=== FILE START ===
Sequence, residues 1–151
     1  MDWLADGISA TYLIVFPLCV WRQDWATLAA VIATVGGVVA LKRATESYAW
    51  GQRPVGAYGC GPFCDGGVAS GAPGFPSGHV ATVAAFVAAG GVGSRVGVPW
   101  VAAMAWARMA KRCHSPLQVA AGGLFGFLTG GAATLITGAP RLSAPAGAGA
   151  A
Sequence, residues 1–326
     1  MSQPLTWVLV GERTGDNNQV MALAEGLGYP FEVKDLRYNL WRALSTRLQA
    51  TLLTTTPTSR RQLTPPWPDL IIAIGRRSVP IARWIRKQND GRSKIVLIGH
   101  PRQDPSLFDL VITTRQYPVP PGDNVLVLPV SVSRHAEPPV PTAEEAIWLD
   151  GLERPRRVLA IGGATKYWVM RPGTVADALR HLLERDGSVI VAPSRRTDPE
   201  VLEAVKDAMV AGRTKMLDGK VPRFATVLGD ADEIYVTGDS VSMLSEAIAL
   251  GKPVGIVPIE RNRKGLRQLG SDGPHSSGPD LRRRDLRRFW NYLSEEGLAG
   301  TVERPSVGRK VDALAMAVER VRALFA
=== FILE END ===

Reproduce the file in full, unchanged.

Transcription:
Sequence, residues 1–151
     1  MDWLADGISA TYLIVFPLCV WRQDWATLAA VIATVGGVVA LKRATESYAW
    51  GQRPVGAYGC GPFCDGGVAS GAPGFPSGHV ATVAAFVAAG GVGSRVGVPW
   101  VAAMAWARMA KRCHSPLQVA AGGLFGFLTG GAATLITGAP RLSAPAGAGA
   151  A
Sequence, residues 1–326
     1  MSQPLTWVLV GERTGDNNQV MALAEGLGYP FEVKDLRYNL WRALSTRLQA
    51  TLLTTTPTSR RQLTPPWPDL IIAIGRRSVP IARWIRKQND GRSKIVLIGH
   101  PRQDPSLFDL VITTRQYPVP PGDNVLVLPV SVSRHAEPPV PTAEEAIWLD
   151  GLERPRRVLA IGGATKYWVM RPGTVADALR HLLERDGSVI VAPSRRTDPE
   201  VLEAVKDAMV AGRTKMLDGK VPRFATVLGD ADEIYVTGDS VSMLSEAIAL
   251  GKPVGIVPIE RNRKGLRQLG SDGPHSSGPD LRRRDLRRFW NYLSEEGLAG
   301  TVERPSVGRK VDALAMAVER VRALFA